Accuracy of visual screening for cervical neoplasia: Results from an IARC multicentre study in India and Africa

Authors

  • Rengaswamy Sankaranarayanan,

    Corresponding author
    1. Unit of Descriptive Epidemiology, International Agency for Research on Cancer, Lyon, France
    • Unit of Descriptive Epidemiology, International Agency for Research on Cancer, 150, cours Albert Thomas, 69372 Lyon Cedex 08, France
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    • Fax: +33-04-72-73-85-18

  • Parthasarathy Basu,

    1. Department of Gynaecological Oncology, Chittaranjan National Cancer Institute, Calcutta, India
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  • Ramani S. Wesley,

    1. Regional Cancer Centre, Trivandrum, India
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  • Cédric Mahe,

    1. Unit of Descriptive Epidemiology, International Agency for Research on Cancer, Lyon, France
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  • Namory Keita,

    1. Department of Obstetrics and Gynaecology, University Hospital of Conakry, Conakry, Guinea
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  • Charles C. Gombe Mbalawa,

    1. University Marien Ngouabi, Brazzaville, Congo
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  • Rameshwar Sharma,

    1. Bhagwan Maheveer Cancer Hospital and Research Centre, Jaipur, India
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  • Amadou Dolo,

    1. Department of Obstetrics and Gynaecology, Hôpital Gabriel Touré, Bamako, Mali
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  • Surendra S. Shastri,

    1. Department of Preventive Oncology, Tata Memorial Center, Mumbai, India
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  • Marius Nacoulma,

    1. Department of Obstetrics and Gynaecology, Centre Hospitalier National Yalgado Ouédraogo, Ouagadougou, Burkina Faso
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  • Madi Nayama,

    1. Maternité Issaka Gazoby, Niamey, Niger
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  • Thara Somanathan,

    1. Regional Cancer Centre, Trivandrum, India
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  • Eric Lucas,

    1. Unit of Descriptive Epidemiology, International Agency for Research on Cancer, Lyon, France
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  • Richard Muwonge,

    1. Unit of Descriptive Epidemiology, International Agency for Research on Cancer, Lyon, France
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  • Lucien Frappart,

    1. Hopital Edouard Herriot, Lyon, France
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  • D. Maxwell Parkin,

    1. Unit of Descriptive Epidemiology, International Agency for Research on Cancer, Lyon, France
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  • for the IARC Multicentre Study Group on Cervical Cancer Early Detection

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    • The IARC multicentre study group on cervical cancer early detection comprises the following persons: Brazzaville, Congo: Prof. C. Gombe Mbalawa, Dr. J. Kokolo, Dr. J. Nsonde-Malanda; Ouagadougou, Burkina-Faso: Dr. M. Nacoulma, Dr. B. Sakande; Conakry, Guinea: Prof. N. Keita, Prof. M. Koulibaly, Mr. I. Kabba; Jaipur, India: Dr. R. Sharma, Dr. R. Gupta, Dr. S. Malhotra, Dr. N. Naruka, Dr. A. Sharma; Kokata, India: Dr. P. Basu, Dr. R.N. Chakravati, Dr. R. Mandal, Dr. C. Ray, Dr. P. Das, Dr. D. Choudhury, Dr. K. Dutta, Dr. S. Mittal, Dr. R. Chatterjee, Dr. M. Siddiqi; Mumbai, India: Dr. S.S. Shastri, Dr. K.A. Dinshaw, Dr. G. Amin, Dr. S. Goswami, Dr. S. Patil, Dr. U. Rane, Dr. L.N. Mayadev, Dr. R.K. Shah, Dr. S. Malvi; Trivandrum, India: Dr. R. Wesley, Dr. T. Somanathan, Dr. N. Dhakad, Dr. K. Chithrathara, Dr. E. Abraham, Dr. M. Krishnan Nair; Lyon, France: Dr. R. Sankaranarayanan, Dr. C. Mahé, Mr. E. Lucas, Dr. B. Fontanière, Dr. L. Frappart, Mr. R. Muwonge, Dr. D.M. Parkin; Bamako, Mali: Prof. A. Dolo, Prof. S. Bayo, Dr. M. Touré, Dr. B. Keita; Niamey, Niger: Dr. M. Nayama, Prof. H. Nouhou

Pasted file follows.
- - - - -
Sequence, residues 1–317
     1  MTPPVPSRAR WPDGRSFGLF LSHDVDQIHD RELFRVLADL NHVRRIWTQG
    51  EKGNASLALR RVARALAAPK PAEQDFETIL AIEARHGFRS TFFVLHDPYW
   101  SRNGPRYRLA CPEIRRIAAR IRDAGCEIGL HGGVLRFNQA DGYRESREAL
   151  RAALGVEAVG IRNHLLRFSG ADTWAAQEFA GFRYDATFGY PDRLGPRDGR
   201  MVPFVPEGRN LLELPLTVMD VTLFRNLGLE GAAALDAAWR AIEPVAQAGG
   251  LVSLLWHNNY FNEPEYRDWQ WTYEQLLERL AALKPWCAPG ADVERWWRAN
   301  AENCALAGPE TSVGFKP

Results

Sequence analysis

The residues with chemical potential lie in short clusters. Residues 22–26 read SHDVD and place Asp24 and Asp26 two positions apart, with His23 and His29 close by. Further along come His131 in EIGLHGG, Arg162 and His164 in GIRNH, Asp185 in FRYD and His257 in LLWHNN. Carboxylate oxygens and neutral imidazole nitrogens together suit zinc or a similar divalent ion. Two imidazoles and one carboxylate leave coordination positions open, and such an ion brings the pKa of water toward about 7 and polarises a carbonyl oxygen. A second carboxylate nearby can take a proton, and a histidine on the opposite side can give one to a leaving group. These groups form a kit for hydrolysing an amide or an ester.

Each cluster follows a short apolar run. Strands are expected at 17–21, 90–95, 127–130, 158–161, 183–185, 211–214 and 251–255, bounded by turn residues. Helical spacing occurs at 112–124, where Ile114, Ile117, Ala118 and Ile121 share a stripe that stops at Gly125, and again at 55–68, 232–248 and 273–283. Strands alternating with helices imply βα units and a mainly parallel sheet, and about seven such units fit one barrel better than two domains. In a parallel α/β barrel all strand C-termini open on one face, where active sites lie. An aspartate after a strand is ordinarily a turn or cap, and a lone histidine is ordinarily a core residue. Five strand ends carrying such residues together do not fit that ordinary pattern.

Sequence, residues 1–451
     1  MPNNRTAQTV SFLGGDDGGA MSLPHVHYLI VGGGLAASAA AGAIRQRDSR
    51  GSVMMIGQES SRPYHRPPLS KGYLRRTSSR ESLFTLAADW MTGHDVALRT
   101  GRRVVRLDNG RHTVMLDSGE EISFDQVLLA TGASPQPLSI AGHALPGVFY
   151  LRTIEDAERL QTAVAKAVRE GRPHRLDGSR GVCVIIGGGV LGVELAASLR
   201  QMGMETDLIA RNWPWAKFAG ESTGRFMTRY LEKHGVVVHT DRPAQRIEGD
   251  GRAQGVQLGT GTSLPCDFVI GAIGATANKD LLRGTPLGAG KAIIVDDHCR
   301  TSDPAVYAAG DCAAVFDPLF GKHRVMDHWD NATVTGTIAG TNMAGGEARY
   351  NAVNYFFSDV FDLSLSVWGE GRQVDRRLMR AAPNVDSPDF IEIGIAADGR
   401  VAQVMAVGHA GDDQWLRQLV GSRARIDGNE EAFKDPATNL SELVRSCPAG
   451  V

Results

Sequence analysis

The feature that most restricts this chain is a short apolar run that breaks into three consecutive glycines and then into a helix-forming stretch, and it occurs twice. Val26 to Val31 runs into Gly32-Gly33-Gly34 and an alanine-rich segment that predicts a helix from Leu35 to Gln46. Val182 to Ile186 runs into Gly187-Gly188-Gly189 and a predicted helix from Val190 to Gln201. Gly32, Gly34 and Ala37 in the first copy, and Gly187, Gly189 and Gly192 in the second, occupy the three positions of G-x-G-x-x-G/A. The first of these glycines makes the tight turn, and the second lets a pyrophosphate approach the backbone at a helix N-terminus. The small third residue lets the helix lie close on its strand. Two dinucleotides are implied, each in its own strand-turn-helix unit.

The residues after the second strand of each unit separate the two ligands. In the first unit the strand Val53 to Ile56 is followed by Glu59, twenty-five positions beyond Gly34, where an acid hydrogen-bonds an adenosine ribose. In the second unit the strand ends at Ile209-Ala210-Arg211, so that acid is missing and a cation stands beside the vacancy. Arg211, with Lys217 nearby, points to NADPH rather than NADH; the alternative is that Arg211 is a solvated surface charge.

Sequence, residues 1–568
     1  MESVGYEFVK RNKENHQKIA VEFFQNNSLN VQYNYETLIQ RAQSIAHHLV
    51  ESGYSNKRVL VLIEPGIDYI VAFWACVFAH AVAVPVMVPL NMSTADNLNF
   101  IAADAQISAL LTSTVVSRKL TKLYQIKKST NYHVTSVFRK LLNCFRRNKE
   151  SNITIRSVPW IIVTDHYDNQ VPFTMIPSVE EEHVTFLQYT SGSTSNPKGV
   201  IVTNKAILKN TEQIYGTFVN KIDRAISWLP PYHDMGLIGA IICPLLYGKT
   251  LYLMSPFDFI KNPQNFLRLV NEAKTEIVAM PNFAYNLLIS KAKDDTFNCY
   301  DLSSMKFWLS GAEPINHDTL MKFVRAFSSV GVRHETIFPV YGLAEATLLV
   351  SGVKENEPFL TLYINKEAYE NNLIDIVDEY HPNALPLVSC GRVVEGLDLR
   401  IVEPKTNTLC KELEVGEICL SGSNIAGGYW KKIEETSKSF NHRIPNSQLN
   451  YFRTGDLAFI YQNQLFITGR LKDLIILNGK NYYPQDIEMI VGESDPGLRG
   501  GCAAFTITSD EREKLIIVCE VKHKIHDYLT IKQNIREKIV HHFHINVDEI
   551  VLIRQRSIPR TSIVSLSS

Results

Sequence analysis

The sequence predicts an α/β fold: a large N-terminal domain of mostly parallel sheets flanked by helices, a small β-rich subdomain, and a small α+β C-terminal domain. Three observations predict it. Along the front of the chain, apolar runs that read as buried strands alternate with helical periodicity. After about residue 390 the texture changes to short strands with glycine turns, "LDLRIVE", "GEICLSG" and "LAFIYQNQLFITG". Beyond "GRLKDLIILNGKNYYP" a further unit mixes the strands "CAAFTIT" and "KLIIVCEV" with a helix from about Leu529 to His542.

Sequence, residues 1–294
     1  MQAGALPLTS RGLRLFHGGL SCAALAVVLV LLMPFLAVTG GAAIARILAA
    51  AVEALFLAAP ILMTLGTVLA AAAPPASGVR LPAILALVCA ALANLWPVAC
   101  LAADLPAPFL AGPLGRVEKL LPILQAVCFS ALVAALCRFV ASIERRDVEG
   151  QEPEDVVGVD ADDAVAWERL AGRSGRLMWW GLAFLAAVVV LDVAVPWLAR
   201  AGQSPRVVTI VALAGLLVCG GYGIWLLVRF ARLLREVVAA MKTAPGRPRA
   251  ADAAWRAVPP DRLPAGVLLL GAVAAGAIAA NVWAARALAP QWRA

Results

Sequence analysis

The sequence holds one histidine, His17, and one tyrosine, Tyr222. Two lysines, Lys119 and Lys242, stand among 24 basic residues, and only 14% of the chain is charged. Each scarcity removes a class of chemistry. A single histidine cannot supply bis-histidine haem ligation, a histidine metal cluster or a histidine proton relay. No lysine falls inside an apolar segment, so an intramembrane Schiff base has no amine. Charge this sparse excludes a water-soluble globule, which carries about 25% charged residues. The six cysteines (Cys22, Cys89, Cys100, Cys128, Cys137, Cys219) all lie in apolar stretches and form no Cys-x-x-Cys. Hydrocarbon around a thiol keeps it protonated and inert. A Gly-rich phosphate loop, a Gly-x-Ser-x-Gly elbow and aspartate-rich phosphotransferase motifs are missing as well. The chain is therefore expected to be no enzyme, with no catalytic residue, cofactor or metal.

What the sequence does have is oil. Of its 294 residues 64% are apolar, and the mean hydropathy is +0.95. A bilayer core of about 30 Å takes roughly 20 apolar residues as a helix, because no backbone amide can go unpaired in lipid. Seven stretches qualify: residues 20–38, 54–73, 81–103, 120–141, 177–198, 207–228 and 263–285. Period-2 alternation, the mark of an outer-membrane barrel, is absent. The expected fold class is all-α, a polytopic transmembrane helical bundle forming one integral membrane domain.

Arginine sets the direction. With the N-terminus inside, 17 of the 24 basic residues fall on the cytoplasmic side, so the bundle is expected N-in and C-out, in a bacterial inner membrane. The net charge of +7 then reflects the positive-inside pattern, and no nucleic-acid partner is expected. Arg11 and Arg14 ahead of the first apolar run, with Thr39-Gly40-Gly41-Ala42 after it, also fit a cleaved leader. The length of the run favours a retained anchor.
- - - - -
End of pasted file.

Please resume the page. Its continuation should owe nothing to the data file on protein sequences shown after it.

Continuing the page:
Abstract

Visual inspection-based screening tests, such as visual inspection with 4% acetic acid (VIA) and with Lugol's iodine (VILI), have been proposed as alternatives to cytology in mass screening programs. To date, there is only limited information on the accuracy of these tests in detecting High-grade Squamous Intraepithelial Lesions (HSIL). Eleven cross-sectional studies involving 56,939 women aged 25–65 years were conducted in Burkina Faso, Congo, Guinea, India, Mali and Niger to evaluate the accuracy of VIA and VILI performed by health workers. A common protocol and questionnaire was used. For final diagnosis, all women were investigated with colposcopy and biopsies were taken when necessary. Data from the studies were pooled to calculate sensitivity, specificity and predictive values of the tests for the detection of HSIL. Of the screened women, 16.1% and 16.4% were positive on examination using, respectively, VIA and VILI; 1,063 were diagnosed with HSIL. The pooled sensitivity, specificity, positive and negative predictive values for VIA were 76.8% (95% CI: 74.2–79.4%), 85.5% (95% CI: 85.2–85.8%), 9.4% (95% CI:8.8–10.8%) and 99.5% (95% CI:99.4–99.6%), respectively. The values were 91.7% (95% CI: 89.7–93.4%), 85.4% (95% CI: 85.1–85.7%), 10.9% (95% CI: 10.2–11.6%) and 99.8% (95% CI:99.7–99.9%), respectively for VILI. The range of sensitivity and specificity for VIA was 56.1–93.9% and 74.2–93.8%, respectively, between studies and were 76.0–97.0 % and 73.0–91.3% for VILI. VILI had a significantly higher sensitivity than VIA in detecting HSIL, but specificity was similar. VILI appears to be a more accurate visual test for use in screening and treatment programs in low-resource settings. © 2004 Wiley-Liss, Inc.

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